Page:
Where are the old developers?

Hi Everyone,

So today I started to think about the following:
Most of the people are working about until age of 65. I was working at several companies, together with really a lot of people, but 80% of the developer colleagues was under 40 years and I was working only once with a developer over 50.
Ok, it is pretty clear that nowadays much more people are starting a carrier in this field, than 30 years ago.

But still I don't understand: where do the "older" developers work?

And I think it is an important question for all of us, because one day we will be old as well and we still would like to work somewhere.

Do you have similar experiences? Do you have any idea, why?

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DISCUSSION (39)

I'm pushing 60 and still programming. Of course, no "cool" tech company will hire me once they deduce my age when they see me in person. So, I've been working in the corporate information systems world for the past 15 or so years, primarily writing in-house web and desktop applications for logistics, inventory control and manufacturing.

I probably could have moved into project management, IT management or the like years ago if I wanted to. That's where most other programmers I knew and worked with 20+ years ago have gone. But, I enjoy developing software so I've kept writing programs.

I've had the fortune of working with an older developer only once. It was a terrific experience.

This guy had been there done that and helped us avoid so many issues early on. He completed his work on time, sometimes early, left at 4:30pm, and liked guiding people on the team.

I hope when I'm his age I can contribute like that to teams. Older developers are worth every penny.

Usually, the older dev go to freelancing. I'm 54 and have been programming since I was 16 years old. Most the people I knew in dev work are now freelancing or gone to management. That seems to the the two routes people have taken.

Or they write books, some also teach.

Just to point out a counter-example. I worked at a decent-sized dev company where the median employee age was in the 40s. Many of the employees had been there for double-digit years. My experience at that company violated the demographic norms in a lot of ways actually -- great experiences in general.

For most companies, I have an unsubstantiated belief that a lot of devs switch to management as they get older. After 18 years dev experience, I feel like I'm finally getting to a good understanding of how to write software well. But I have come to the realization that a lot of my value is now in guidance and idea-development for the rest of the team.

Anyway, it's probably less about where older devs have gone and more about a huge influx of new devs skewing the ratio.

Great points. I find it interesting you are saying only after 18 years is your understanding of how to write software well coming through. I second this completely, with a similar number of dev years. The scary part is you're also right, most Devs head off into management or non coding architecture or leadership roles, so where do the younger developers learn day to day practice?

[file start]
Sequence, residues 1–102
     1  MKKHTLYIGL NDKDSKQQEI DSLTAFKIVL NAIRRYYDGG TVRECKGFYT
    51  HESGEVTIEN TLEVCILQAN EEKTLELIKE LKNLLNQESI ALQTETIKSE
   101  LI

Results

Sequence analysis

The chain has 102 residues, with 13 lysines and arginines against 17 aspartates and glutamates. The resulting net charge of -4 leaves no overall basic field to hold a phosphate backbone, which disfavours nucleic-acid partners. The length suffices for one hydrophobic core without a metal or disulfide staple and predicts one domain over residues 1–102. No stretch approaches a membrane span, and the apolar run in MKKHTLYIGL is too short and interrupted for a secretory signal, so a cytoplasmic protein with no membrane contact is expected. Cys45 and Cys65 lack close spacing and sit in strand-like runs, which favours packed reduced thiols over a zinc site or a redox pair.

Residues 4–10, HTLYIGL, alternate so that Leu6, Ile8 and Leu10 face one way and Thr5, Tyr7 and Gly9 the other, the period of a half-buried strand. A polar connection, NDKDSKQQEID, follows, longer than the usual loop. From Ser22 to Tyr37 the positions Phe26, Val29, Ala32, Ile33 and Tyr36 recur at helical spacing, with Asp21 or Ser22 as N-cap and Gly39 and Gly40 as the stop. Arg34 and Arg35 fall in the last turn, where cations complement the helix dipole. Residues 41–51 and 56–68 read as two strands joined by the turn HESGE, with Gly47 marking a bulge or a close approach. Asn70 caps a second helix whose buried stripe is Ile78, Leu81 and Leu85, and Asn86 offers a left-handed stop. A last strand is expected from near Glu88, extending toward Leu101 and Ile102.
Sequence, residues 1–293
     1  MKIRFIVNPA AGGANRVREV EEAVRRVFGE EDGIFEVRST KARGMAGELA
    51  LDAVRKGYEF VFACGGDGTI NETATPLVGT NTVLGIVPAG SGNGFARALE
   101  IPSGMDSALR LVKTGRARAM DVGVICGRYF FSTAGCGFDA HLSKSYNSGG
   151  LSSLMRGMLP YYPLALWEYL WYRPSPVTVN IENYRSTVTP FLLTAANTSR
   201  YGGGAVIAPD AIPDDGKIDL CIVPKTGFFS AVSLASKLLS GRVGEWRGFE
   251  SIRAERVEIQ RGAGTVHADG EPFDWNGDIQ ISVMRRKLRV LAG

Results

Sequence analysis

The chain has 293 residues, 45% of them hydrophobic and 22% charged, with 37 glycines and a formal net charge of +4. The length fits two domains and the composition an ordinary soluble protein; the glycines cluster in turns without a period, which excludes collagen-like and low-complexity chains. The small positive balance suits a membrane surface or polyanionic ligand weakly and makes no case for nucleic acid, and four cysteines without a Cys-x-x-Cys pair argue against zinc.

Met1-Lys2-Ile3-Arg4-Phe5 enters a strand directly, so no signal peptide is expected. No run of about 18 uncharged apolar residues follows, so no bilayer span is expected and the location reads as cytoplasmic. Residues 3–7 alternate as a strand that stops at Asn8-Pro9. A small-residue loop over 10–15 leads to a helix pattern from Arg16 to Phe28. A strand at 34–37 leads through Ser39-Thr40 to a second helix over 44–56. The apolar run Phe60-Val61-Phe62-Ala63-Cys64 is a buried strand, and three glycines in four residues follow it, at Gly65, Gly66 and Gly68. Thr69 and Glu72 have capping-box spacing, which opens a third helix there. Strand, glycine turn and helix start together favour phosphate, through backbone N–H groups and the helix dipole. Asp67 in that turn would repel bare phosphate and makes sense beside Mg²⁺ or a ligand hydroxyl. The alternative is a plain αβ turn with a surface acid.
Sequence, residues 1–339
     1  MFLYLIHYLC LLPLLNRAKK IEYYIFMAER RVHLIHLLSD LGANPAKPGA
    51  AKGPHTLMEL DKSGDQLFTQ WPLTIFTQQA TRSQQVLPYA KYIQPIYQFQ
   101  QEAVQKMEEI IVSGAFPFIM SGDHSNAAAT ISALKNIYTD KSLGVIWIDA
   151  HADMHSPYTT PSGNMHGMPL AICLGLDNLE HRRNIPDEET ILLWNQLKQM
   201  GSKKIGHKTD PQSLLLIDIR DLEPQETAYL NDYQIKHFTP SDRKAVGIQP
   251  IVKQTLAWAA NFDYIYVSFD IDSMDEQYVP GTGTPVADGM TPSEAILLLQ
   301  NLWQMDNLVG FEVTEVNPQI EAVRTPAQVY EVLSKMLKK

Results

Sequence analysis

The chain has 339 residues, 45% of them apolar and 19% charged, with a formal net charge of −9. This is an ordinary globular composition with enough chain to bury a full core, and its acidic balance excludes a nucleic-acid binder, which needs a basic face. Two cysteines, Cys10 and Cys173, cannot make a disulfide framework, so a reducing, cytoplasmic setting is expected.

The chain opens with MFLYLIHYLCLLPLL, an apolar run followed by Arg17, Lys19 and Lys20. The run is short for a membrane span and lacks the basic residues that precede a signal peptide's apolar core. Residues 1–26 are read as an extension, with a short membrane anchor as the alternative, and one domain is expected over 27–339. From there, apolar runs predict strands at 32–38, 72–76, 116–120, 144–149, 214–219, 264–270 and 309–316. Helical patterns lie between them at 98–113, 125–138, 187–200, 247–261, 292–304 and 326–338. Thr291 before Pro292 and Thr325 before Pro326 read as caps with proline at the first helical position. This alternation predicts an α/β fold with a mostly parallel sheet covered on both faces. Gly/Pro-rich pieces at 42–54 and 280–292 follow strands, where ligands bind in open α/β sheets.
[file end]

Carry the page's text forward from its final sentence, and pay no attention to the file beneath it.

I think the industry has incorrectly qualified us as seniors, and the value given to an old Dev us diminished, and can be seen as having no ambition as they never progressed. Personally, I never became a Dev in the hope I would one day not get to write code again, but that often surprises people. I have turned down being a Dev manager, and other less code focused roles, and I always think the best leadership will be possible in the team, understanding the day to day problems of the team you're leading.

I also agree with you on the influx of younger developers skewing the ratio.

Contracting/Consulting, Freelance, Starting own business, Architecture, Leadership, Teaching, etc. Older devs are out there doing things and making very good money. If you work at a start up u wont find them there. Older devs cost more. Other mature devs no longer interested in progressing can be found in corporate settings doing legacy support work. I currently work at a place where 80% of the gang is much older. They dont mind supporting legacy frameworks and working with outdated tech. And thats a good thing. As a developer you also have more opportunities to move around into other domains like info sec, networking, dev ops, QA, just to name a few. I enjoy working with older devs. Respect.

Quite a few people in the programming world are not passionate about it, and end up doing whatever requires the least effort and they can still earn a salary.

This leads me to believe that it was the case also earlier and many of the older people in the industry never bothered to learn new languages and some are still stuck in some basement maintaining their COBOL applications and such, while others just switched professions when their FORTRAN skills weren't needed anymore.

Then there are entire companies full of these people providing high priced consulting for the business sectors still stuck using the old technologies.

I can see this happening to young people too, people who learn exactly one language, not even that do they care to learn well, and then they complain if anyone even suggests that a new language be tried out. In 30 years there's a big pile old timers maintaining all the awful PHP applications being built today.

Wow... Generalize much Janne? Sounds much like the general judgement that millennials get about entitlement and impatience. Having been in hiring positions in both startups and corporate I always try to keep my teams as balanced as possible. When it comes to the gender, race and age. I find it the best way to have a well functioning team... But that's just me I guess... Being a developer over 40 and all...

I have no idea what you're on about.

  1. "many" != "all"

  2. I've said exactly nothing that's targeted as a negative comment about older programmers - it's a generic comment about many IT workers, which I expect includes the people who started earlier, i.e. are now older